The general consensus is that if you can hide things away well enough or spin it around so that a new set of success measurements are achieved then you’ve won.  There’s always next year after all, and neither you nor the organisation can then be accused of not being good enough – solid reputational risk management, surely? (more…)

In case of emergency… don’t call Eric

December 14, 2010

Lost? Would the DCLG be able to advise?

You just can’t escape the snow; even when it’s not snowing! Here follows our second snow piece in two days; this time from one of our readers who seems a little annoyed by Eric Pickles and the good people at the DCLG.

I spoke to one of my friends yesterday, who asked me to guess how many hours it took for her to get to do her regular journey to work last week… ‘6 she replied, and then 5 hours to get back’, and that included her getting out to help dig a truck that had got stuck in the snow and was blocking traffic.

What I discovered later on, was that my friend has inadvertently acted in accordance with new guidance, helpfully published last week by Eric Pickles and our good friends at the Department for Communities and Local Government… Yes that’s the ‘Guidance on community action during severe weather… The Big Society in Action.’

This provides a helpful guide for those needing additional information about what to do in cases of emergency when dealing with severe weather; except the guidance forgets to include the seemingly helpful recommendation, as proven by my friend, to carry a shovel in the car.

The (not so) subtle message for a society needing to wean itself off local governments’ helping hand seems to be simple, ‘don’t call us – we’re calling you’.

Don’t get me wrong, I have no problem with the Big Society ideals that we all now have to pitch in a bit more. And yes, that means you and I need to up our weekly volunteering hours. I’m sure the boss wont mind when you explain the reason you wont be staying late to finish that last minute project.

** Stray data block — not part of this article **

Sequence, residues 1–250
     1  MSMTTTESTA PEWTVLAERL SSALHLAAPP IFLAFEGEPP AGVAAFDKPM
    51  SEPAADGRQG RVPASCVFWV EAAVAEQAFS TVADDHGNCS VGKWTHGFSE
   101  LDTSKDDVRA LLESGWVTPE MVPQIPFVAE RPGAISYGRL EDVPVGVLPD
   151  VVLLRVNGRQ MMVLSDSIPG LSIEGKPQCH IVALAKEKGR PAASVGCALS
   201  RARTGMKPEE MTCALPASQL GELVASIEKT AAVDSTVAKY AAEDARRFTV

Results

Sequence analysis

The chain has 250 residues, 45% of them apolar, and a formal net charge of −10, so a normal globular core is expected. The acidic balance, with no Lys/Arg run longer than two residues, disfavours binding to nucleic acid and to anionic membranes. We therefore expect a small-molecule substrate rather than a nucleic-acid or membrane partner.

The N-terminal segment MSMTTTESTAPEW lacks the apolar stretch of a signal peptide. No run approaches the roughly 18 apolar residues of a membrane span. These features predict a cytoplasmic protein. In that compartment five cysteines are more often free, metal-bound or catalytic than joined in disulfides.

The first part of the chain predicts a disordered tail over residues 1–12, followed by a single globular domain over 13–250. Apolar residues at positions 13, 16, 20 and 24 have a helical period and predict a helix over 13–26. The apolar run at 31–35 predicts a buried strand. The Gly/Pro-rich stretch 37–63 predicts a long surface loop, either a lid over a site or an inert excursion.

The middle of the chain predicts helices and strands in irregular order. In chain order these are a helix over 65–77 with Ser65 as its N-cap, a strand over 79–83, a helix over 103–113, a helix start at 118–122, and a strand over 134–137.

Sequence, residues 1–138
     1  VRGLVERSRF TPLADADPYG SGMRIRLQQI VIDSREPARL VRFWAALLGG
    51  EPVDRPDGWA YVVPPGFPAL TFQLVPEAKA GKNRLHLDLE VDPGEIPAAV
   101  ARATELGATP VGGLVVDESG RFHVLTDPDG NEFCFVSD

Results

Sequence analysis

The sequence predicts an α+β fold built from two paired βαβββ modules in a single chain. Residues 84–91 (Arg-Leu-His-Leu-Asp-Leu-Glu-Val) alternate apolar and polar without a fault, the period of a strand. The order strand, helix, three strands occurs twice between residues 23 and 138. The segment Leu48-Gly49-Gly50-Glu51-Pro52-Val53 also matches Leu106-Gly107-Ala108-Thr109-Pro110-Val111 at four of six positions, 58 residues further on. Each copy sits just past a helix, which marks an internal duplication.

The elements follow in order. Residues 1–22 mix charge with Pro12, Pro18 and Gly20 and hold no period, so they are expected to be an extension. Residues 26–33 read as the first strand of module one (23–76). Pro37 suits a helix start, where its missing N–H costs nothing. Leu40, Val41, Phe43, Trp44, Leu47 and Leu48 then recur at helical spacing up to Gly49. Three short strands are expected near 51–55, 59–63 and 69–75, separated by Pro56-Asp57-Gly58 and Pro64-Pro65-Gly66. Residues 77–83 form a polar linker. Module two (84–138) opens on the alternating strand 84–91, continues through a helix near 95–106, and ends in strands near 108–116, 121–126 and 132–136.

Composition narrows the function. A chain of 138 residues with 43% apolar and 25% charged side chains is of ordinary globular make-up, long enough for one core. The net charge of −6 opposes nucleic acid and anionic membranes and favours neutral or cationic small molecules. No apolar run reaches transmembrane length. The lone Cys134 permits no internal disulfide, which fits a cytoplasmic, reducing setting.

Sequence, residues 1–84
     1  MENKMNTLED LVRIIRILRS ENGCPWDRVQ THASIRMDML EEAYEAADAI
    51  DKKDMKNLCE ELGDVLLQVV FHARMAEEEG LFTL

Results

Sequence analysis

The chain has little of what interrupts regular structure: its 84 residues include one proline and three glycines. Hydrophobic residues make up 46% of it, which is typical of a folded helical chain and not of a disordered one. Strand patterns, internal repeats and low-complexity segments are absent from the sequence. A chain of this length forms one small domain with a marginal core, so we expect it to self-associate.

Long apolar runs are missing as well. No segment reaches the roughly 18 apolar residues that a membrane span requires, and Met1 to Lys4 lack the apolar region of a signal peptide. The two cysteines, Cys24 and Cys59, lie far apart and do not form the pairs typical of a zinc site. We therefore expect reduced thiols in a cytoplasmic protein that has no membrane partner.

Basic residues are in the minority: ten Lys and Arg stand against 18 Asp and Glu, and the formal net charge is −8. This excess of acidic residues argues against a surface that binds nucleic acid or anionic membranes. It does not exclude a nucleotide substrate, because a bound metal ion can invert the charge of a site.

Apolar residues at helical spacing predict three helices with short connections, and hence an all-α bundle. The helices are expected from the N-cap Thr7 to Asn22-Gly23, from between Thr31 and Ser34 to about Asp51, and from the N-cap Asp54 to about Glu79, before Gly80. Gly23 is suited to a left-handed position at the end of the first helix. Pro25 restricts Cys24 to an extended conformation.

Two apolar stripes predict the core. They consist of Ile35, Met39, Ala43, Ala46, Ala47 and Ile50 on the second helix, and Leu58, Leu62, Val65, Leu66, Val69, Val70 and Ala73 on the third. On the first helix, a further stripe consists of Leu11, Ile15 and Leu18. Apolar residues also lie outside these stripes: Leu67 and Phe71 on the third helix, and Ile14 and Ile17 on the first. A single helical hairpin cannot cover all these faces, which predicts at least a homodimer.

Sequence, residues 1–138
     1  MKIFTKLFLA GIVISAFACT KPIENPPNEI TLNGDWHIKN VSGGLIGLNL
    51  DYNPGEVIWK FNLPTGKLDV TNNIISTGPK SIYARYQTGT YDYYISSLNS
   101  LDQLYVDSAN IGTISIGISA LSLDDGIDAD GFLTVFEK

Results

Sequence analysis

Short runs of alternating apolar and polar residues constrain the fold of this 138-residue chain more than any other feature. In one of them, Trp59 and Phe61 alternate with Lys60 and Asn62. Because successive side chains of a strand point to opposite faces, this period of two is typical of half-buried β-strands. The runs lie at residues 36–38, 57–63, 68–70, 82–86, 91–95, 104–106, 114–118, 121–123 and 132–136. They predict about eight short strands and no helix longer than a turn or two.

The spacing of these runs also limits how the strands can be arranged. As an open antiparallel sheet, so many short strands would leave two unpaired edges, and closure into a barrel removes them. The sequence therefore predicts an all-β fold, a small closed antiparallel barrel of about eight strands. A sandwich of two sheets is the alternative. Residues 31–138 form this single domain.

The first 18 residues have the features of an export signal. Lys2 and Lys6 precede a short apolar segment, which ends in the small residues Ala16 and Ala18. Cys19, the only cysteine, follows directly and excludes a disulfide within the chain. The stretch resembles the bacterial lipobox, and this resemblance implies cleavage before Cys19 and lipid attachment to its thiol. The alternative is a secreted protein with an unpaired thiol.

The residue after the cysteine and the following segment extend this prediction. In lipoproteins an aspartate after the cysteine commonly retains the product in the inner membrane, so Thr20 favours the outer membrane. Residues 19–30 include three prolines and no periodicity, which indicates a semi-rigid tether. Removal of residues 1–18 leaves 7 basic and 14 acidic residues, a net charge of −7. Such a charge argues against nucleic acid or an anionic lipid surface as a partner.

(As a side note: I wonder just how well it’ll go down with management when people start calling in ‘volunteering’ days, as suggested for those stuck at home in the snow.)

My problem with this sort of guidance is not why have it, but why is this the job of the CLG. Thanks, but actually the CLG publication web page is not the place I would look for the latest info on how to deal with frostbite.

It seems that now is a good a time as any to start to talk about who should be doing what.

The issue of ‘coordination’ seems to be the elephant in the room in all the Big Society chatter. One thing that drives me batty working in local government is the amazing duplication of guidance everywhere. Its seems no-one is quite sure who is doing what, so everyone does everything (and we are stuck reading 100’s of guidance documents, kind of all saying a similar thing, but nothing which succinctly gives you everything you need to know).

I would understand if the CLG wrote a guidance template and told local authorities to update it with the relevant local service information and stick it on their websites.  That would make sense – and, no doubt, be very helpful. Or they could write to volunteer agencies, asking them to promote key safety information and how and when people should contact them.

If the government is going to provide helpful information, surely in the age of austerity, it should do it once and do it well. Not investing in yet another piece of guidance few will know exists, let alone read.

Having said that, thankfully we have now all been reminded…. You do not need a Criminal Records Bureau check to call round and check on elderly friends and neighbours.  So there you have it, now there really are no more excuses for me not to go and introduce myself to the neighbours.

Snow time to rest on our laurels

December 13, 2010

But what about next time?

It’s been just over a week now, a week after the chaos and disaster that was snow in London, a week in which life has returned to normality and the tubes are only late for reasons involving over-running maintenance work.  The standard phrase is ‘a week is a long time in politics’; from the way things are, it looks like a week is also a long time in discussing the way we deal with snow.

Since the white stuff stopped falling from the sky I’ve heard practically nothing about what happened and how well or otherwise the snow was dealt with.  Some boroughs got it very right, spreading grit and news about what they were doing all over the place.  Some didn’t, and were slammed for slippery roads and even more slippery excuses.  However, I’ve not heard much over the past seven days or so in the way of investigations, results or ideas for improvement.

Historically, the media usually takes this time to rip into everything and anything that a local authority does when it snows; the roads not being gritted, the tubes grinding to a halt, no news on school closures or something else entirely; like a drunk looking for a fight in a circus, they traditionally go for the jugular. (more…)